Pillars that can strengthen Kenyan agriculture
- The 2021 Economic Survey showed that the economy contracted by 0.3% in 2020, with agriculture contributing 23% to GDP.
- This makes agriculture the backbone of the country, requiring special attention as its performance is important to the economy.
- The Jubilee government’s Big 4 agenda item on food and nutrition security was well-intentioned and well-thought-out and has had some pretty remarkable results in boosting food production.
The agricultural sector accounts for the largest share of the primary sector in Kenya’s GDP (Gross Domestic Product). It supports around 75 percent of the country’s workforce and accounts for over a fifth of the GDP. The majority of other primary sectors are interdependent and linked to agriculture as a source of their raw materials.
In addition, food inflation is one of the main drivers of headline inflation.
The 2021 Economic Survey showed that the economy contracted by 0.3% in 2020, with agriculture contributing 23% to GDP. Ideally, most emerging and developing economies, including Kenya, are predominantly agriculture-based.
This makes agriculture the backbone of the country, requiring special attention as its performance is important to the economy.
There are over 600,000 people in Kenya who practice small-scale agriculture and account for around 70 percent of total agricultural production.
Budget options for 2022/2023 and the medium-term report prepared by the Parliamentary Budget Office (PBO) estimate that Kenya’s real GDP is expected to increase by 4.5% in 2022 and 5.1% in 2023, an indication a modest recovery attributed to a boost in private consumption.
The report further states that 32.9% of the country’s merchandise exports came from agriculture over the past five years.
The Jubilee government’s Big 4 agenda item on food and nutrition security was well-intentioned and well-thought-out and has had some pretty remarkable results in boosting food production.
However, the Hunger Monster is a big threat. This is due to adverse weather conditions such as extreme drought and annual flooding in some regions, especially arid and semi-arid regions. This forced President Uhuru Kenyatta to declare drought a national disaster in parts of the country.
The poor weather outlook could worsen the food outlook situation in 2022. In addition, it could weigh on the quantity and quality of the production outlook for agricultural exports.
As we prepare for the year of general elections, there may be household food stocks, which should be of concern to all stakeholders concerned with the state of food security in the country.
Post harvest losses
Limited access to high-quality certified seeds and fertilizers for smallholder farmers, approximate 25 percent post-harvest losses, poor agricultural mechanization and poor weather prospects have steadily decreased the productivity of small and large farmers in the area. the country.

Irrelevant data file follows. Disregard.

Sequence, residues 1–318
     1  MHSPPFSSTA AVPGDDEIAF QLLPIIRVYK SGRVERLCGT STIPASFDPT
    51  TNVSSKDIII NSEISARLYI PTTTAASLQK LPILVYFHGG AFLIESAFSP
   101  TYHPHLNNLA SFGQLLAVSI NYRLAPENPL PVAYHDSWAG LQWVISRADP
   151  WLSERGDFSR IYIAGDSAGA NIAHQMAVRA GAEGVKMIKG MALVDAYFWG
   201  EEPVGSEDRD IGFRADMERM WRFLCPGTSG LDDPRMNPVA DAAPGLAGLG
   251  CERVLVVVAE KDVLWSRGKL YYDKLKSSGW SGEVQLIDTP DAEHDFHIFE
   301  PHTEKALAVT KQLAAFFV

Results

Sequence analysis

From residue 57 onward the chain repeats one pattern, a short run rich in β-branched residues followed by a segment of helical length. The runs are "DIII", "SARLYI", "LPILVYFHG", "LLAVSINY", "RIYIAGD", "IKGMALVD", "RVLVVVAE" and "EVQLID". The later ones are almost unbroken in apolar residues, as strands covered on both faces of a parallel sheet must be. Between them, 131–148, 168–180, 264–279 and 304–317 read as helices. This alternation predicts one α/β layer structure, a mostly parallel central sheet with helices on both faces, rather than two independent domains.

For higher economic growth, there is an urgent need for key practical interventions and strategies in the dominant agricultural sector.
To borrow a leaf, the agile and progressive case study of the Malawi Farm Input Subsidy Program, which tripled maize production and ensured food security in Malawi, in the first two years of its launch in 2005/6 .
The program provided clear policy direction that significantly boosted agricultural productivity, agriculture and national GDP reportedly growing by more than seven percent per year in real terms during the period 2004-2010.
With the promulgation of the Constitution of 2010, agriculture is a decentralized function. It is necessary to ensure that the funds follow the functions to reorient the bullish sector.
Faster monitoring and implementation of the following measures could go a long way in supporting the sector.
First, the provision of adequate funds in the form of conditional grants through the credit guarantee system to improve access to modern agricultural extension services to educate farmers.
Second, improving farmers’ access to subsidized inputs.
Third, accelerate drought mitigation measures.
Fourth, strong and strengthened public-private partnerships and investments in small-scale irrigation and water storage can unlock untapped productivity potential.
Fifth, concerted efforts should be made to combat cartels and price-manipulating brokers.
These measures will enable Kenya to meet its goal of increasing agricultural productivity by 0.5% by 2023/2024.
Basweti Ombane is an economist